By: Diane Benjamin
I really hope the Bloomington City Council realizes how foolish they were tolerating David Hales management of the City for over 8 years. Keep in mind they heaped praise on him and lavish raises while Council meetings dragged on and on with little being accomplished.
Last night’s Council meeting was 45 minutes (that story next). Under Hales, TWO meetings would have been held totaling close to 4 hours. Hales would have droned on and on unable to make any decisions. Tim Gleason only speaks when he has something short and sweet to add to the conversation. He frequently passes discussions to the staff who actually do the work.
So where are the lies?
At the December 17, 2018 meeting, included in the packet, were two lists of Executive Session (secret meeting) minutes. One the Council voted to release, the other was a list they were going to retain – in other words, you don’t have a right to know what they said.
The list the council chose not to release is on PDF page 40: http://www.cityblm.org/Home/ShowDocument?id=20549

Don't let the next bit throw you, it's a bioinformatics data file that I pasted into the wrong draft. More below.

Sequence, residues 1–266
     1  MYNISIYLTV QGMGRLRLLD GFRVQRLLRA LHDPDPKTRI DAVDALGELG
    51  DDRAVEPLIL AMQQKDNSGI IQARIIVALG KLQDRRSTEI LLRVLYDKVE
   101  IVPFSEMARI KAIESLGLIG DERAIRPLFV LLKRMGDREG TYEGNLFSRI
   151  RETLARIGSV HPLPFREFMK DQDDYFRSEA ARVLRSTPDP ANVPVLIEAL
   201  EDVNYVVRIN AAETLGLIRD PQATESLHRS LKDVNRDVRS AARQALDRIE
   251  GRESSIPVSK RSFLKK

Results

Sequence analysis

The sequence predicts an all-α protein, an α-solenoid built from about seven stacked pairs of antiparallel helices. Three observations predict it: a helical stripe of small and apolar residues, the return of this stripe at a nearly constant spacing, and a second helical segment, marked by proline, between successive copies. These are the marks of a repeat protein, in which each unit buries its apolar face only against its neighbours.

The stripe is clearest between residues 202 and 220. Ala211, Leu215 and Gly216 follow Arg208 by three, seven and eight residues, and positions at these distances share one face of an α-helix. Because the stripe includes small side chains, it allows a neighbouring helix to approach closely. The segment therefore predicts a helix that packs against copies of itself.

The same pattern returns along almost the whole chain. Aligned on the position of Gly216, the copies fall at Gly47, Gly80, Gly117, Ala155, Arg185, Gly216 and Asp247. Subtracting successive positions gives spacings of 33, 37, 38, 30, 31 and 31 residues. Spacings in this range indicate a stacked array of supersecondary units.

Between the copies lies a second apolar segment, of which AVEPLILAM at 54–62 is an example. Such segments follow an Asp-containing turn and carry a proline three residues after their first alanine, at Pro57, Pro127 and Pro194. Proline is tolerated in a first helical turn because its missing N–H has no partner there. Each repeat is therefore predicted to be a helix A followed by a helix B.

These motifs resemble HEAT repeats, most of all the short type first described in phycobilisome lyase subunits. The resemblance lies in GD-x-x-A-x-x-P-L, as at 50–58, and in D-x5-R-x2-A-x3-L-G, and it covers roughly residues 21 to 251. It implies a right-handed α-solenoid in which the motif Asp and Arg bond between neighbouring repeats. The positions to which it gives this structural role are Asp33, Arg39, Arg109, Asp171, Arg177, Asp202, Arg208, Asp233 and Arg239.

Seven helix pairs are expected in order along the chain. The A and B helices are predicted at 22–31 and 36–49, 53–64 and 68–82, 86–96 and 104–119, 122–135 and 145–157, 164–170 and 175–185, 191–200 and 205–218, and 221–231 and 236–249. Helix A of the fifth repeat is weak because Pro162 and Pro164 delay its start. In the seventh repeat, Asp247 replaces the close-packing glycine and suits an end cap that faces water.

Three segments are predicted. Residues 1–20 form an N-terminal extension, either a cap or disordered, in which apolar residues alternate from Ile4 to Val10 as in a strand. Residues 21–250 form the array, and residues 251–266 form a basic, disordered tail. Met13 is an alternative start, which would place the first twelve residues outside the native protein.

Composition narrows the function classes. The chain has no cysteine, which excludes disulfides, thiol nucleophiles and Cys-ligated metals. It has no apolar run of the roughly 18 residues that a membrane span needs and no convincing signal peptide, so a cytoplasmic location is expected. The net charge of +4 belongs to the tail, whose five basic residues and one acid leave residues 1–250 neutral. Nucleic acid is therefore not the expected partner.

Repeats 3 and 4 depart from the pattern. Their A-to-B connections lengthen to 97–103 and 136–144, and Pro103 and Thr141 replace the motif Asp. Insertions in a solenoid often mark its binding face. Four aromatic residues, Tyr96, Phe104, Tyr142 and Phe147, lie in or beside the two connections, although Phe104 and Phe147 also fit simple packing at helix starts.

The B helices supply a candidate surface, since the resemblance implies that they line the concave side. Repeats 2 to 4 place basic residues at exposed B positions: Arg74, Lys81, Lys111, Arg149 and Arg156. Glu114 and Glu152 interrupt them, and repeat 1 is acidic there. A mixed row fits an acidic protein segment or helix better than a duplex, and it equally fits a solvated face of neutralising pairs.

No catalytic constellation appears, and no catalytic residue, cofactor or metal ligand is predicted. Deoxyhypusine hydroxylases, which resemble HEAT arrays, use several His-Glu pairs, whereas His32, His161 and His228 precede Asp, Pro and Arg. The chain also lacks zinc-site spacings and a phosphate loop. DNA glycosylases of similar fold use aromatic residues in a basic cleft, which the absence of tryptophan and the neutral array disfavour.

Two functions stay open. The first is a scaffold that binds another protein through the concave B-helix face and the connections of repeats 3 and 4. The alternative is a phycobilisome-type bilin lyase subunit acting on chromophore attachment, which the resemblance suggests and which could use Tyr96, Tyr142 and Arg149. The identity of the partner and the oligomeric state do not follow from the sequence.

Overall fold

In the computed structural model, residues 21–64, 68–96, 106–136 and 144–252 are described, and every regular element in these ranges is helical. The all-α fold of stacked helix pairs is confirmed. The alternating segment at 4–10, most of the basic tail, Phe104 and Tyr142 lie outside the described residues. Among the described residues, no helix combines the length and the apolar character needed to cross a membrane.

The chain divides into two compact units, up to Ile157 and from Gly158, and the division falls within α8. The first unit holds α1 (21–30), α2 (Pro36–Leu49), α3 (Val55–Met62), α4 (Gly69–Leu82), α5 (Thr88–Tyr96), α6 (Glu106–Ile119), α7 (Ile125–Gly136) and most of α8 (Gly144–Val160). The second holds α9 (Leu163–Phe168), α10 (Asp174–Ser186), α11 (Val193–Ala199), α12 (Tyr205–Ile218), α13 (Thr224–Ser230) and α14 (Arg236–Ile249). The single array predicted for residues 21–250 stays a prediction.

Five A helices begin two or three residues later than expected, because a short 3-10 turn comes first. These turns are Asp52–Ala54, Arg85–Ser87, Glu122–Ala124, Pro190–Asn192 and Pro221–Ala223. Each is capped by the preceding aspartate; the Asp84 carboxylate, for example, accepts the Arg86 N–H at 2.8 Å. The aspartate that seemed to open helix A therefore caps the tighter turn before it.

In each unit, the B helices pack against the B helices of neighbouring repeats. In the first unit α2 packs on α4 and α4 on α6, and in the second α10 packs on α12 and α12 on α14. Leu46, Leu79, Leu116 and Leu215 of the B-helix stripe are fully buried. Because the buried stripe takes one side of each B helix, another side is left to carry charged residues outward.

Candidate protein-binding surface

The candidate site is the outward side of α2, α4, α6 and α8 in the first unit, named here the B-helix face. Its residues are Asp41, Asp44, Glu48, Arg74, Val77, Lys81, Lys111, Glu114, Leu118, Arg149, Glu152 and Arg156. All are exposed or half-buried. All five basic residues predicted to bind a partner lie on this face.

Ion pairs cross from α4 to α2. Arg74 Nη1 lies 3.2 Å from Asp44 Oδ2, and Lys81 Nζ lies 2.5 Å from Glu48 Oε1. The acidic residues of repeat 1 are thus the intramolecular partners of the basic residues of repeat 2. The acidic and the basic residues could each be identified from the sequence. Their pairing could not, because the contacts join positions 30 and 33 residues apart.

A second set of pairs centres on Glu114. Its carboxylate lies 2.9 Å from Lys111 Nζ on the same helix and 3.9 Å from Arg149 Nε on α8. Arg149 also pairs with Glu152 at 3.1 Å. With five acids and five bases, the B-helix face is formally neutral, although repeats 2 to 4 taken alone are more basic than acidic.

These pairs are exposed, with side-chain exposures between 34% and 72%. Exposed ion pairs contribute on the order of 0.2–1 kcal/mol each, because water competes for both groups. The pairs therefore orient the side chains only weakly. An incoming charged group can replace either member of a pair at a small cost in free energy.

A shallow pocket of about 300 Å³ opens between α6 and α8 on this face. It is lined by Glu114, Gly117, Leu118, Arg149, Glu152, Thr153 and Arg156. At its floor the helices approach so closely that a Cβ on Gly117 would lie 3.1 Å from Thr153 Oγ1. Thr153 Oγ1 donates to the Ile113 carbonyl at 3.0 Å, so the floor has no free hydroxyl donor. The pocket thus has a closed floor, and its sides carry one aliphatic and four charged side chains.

Here’s where they lied and hoped nobody would notice:
The oldest minutes listed are from March 23, 2009.
Doesn’t that imply all minutes prior to that date have been released? Did they disappear? Get stolen? Just get deleted in the garbage bin of history?
I filed a FOIA request just for “personnel” minutes from 2005 to March 23, 2009. I filed it on 1/14/2019 which made it due last week. They extended the request another 5 days in order to prepare this:
They claim the law does not require them to release the minutes. It doesn’t, but it also doesn’t give the City permission to pretend the minutes don’t exist by leaving them off a list they created.
Is there a reason to keep 10-year-old and older personnel discussions a secret – especially evaluations of former City Managers?
Not unless there is something to hide.
Obviously they do have something to hide. Taxpayers don’t a right to know why previous City Managers received huge bucks for doing stupid things like building a never used fire station and a water tower too short. Taxpayers don’t deserve to know why Hales was given huge raises when he couldn’t make a decision without a consultant.
Bloomington doesn’t have government For and By the People.
I like this description one reader has used frequently to describe Bloomington’s government:
Deceive to Achieve